Corresponding to the Euclidean point (x, y) associate the point (x, y, 1) in the real projective plane. Corresponding to the line y = 2x + 4 in the Euclidean, which is the same as the line: -2x + y - 4 = 0, associate the line -2x + y - 4z = 0 in the real projective plane. Note that since the line -2x + y - 4 = 0 has slope 2 it will pass through the point (1, 2, 0) in the real projective plane. More generally, all the lines with slope m will pass through the point (1, m, 0). The lines with undefined slope in the Euclidean plane (the so-called vertical lines) have the form: ax + 0y + c = 0 and these lines correspond to the lines ax + 0y + cz = 0 in the real projective plane and they all pass through the point (0, 1, 0) in the real projective plane. The line which goes through points of the form (a, b, 0) in the real projective plane is the line z = 0!

Here is a diagram which you can use see how the real projective plane can be obtained from the Euclidean plane.

The point which is added to all of the lines with the same (or undefined) slope m can be denoted Omega (m) (Omega (undefined)). Thus, Ω-3 (or Ω (-3) can be used to represent a point which lies on all of the lines of slope -3. Remember that (0,0, 0) is not a point in the real projective plane. All the "omega points" satisfy the equation z = 0 in the real projective plane. When a point lies on the line at infinity its last coordinate (z coordinate) is 0.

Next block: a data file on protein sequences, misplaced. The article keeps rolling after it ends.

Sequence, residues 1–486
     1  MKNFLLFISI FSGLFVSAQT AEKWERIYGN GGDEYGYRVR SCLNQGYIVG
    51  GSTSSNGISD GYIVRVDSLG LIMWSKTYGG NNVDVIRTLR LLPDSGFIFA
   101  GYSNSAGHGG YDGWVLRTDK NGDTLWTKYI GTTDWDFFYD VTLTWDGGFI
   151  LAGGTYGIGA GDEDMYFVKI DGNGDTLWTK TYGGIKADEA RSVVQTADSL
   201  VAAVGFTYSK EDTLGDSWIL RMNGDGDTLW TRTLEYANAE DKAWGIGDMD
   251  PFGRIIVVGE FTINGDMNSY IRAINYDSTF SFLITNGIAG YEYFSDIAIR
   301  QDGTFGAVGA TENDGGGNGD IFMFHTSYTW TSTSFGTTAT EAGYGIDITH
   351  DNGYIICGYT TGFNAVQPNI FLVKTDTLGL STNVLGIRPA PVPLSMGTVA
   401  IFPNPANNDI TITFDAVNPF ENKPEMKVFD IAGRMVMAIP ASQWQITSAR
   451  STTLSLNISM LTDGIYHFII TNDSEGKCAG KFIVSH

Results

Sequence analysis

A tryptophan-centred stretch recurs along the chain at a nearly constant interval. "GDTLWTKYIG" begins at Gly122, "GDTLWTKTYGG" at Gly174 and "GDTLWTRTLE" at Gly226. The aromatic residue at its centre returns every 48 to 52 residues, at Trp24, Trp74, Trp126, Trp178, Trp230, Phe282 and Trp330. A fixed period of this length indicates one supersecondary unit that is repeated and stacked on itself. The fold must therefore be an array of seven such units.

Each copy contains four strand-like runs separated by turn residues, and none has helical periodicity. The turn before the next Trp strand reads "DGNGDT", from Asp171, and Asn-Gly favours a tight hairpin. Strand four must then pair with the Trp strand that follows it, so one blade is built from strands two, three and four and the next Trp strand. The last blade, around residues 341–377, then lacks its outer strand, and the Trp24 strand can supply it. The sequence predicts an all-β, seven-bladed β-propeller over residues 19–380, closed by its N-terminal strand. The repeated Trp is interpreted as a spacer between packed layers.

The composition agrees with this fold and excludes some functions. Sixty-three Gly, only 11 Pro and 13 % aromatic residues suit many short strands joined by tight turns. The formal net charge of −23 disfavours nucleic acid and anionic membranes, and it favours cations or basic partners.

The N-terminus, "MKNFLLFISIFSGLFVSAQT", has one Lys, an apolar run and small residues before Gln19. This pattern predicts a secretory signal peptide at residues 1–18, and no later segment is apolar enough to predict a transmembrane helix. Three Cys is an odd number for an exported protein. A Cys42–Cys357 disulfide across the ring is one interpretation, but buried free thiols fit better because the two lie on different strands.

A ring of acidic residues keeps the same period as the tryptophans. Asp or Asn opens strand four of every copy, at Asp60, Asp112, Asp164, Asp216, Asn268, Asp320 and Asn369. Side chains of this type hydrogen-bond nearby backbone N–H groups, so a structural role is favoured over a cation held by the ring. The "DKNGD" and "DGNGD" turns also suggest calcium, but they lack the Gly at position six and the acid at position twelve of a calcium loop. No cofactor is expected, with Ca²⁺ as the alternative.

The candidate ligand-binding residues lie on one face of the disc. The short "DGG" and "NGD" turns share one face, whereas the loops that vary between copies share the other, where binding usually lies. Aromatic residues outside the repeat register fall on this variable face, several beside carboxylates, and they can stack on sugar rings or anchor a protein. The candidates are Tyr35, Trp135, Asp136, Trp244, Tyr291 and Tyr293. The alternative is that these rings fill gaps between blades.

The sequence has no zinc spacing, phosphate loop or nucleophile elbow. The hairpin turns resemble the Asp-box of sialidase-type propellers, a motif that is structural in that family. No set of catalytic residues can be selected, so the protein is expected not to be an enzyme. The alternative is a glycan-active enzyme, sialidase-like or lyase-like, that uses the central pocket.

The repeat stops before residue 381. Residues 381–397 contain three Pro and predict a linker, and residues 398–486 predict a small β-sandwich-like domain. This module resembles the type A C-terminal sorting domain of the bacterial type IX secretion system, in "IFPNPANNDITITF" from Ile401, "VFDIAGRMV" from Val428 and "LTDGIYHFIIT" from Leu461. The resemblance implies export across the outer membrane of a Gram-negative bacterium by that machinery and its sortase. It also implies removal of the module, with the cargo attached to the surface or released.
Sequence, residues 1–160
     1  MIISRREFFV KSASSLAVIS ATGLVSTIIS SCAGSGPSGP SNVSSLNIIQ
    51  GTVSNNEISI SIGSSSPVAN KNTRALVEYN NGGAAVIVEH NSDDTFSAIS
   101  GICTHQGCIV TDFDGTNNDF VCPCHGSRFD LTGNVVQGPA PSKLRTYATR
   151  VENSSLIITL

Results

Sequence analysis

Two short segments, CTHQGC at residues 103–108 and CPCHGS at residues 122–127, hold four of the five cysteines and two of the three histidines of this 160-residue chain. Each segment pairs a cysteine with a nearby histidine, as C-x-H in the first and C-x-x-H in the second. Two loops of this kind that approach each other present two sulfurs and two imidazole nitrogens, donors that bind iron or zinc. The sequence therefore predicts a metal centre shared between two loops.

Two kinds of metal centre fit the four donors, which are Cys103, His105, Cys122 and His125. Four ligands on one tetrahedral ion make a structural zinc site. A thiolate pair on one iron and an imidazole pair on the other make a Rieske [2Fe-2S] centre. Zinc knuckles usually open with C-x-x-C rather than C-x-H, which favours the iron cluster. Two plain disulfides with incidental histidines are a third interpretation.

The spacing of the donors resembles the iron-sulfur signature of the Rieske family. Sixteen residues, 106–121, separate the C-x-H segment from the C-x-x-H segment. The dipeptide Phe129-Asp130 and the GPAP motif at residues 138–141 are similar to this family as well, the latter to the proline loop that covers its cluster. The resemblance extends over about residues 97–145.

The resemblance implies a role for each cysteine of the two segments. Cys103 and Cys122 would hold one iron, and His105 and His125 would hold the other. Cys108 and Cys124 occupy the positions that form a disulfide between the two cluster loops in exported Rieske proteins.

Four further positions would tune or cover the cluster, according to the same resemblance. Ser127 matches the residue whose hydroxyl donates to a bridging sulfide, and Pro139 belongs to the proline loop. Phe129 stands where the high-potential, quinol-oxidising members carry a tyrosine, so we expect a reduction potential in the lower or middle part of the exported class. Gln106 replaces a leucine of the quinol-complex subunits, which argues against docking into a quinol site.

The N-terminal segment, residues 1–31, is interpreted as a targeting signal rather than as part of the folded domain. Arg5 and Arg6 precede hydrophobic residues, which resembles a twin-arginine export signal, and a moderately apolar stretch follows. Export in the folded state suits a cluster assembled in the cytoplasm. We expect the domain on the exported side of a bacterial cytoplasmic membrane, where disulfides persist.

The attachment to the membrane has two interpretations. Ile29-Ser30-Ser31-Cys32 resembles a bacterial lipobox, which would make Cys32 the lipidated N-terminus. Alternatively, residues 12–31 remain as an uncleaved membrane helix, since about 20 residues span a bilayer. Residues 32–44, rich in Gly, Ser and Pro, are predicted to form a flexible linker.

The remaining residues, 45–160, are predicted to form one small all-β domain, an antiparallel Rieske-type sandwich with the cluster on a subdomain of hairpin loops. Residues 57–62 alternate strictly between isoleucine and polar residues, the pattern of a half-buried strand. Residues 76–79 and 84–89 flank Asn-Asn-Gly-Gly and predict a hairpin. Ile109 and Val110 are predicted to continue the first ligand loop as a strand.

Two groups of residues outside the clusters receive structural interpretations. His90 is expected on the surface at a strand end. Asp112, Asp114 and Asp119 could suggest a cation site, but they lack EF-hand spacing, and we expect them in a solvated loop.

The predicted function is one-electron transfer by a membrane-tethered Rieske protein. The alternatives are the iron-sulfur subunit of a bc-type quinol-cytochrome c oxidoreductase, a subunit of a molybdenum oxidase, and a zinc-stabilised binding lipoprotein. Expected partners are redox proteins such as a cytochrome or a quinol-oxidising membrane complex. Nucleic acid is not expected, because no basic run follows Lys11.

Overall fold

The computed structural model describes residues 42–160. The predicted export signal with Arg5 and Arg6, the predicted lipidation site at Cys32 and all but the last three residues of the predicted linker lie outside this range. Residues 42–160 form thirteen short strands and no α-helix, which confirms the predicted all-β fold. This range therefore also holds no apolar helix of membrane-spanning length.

One form of the axioms of a projective plane are:

1. Given two points there is a unique line which contains the two points.

2. Given two lines there is a unique point which the lines contain. (This means that no lines are every parallel.)

3. There exist 4 points no three on a line.

One can easily verify that the model above for the real projective plane satisfies these axioms.

Exercises

Here are some exercises to help you become familiar with the real projective planes.

1. Find the line that passes through the points given:

a. (1, 1, 2) and (2, 3, -1)

b. (0, 2, 1) and (-1, 1, 1)

c. (2, 0, 1) and (-1, 1, 1)

d. (1, 2, 0) and (2, 3, 4)

e. (1, 2, 0) and (2, 3, 0)

2. What Euclidean point, if any, can be associated with the following points in the real projective plane?

a. (2, 3, 1)

b. (-2, -3, 1)

c. (-2, -3, -1)

d. (2, 4, 6)

e. (2, -3, -1)

f. (-1, 2, 0)

g. (1/2, 1/3, 6)

h. (1, 0, 0)

3. What Euclidean line, if any, can be associated with the following lines in the real projective plane?

3. Find the point of the real projective plane where the following lines intersect:

a. x + y + z = 0 and -x + 2y + z = 0

b. 2x - y + 3z = 0 and - x + z = 0

c. -x + z = 0 and y + z = 0

d. x = 0 and y = 0

e. x = 0 and z = 0

f. y = 0 and z = 0

g. -x + 5y - z = 0 and 2x + 7y - 3z = 0.

4. What line of the projective plane can you think of as associated with the following Euclidean lines?

a. x = 7

b. y = 8

c. x + y = 4

d. -x + 3y + 18 = 0

e. 2x - 7y = 21

f. -y + 3x + 5 = 0.

5. Do the following lines all go through a single point? (If so, what point?)

a. x + y + z = 0, 2x - 3y +z = 0, and -x + 7 y - 6 z = 0

b. x + 2y - z = 0, 4x - y = 0, and z = 0.

c. 2x - y + 3z = 0, -4x + 2y + z = 0 and x -(1/2)y + z = 0.

6. Do the following points all lie on a single line? (If so, what line?)

a. (-1, -1, 1), (3, 3, 3) and (1/2, 1/2, 4).

b. (-2, 3, 0) (1, -2, 1) and (2, 0, 0).

c. (1, 1, -1), (2, 0, -2) and (0, 1, 2).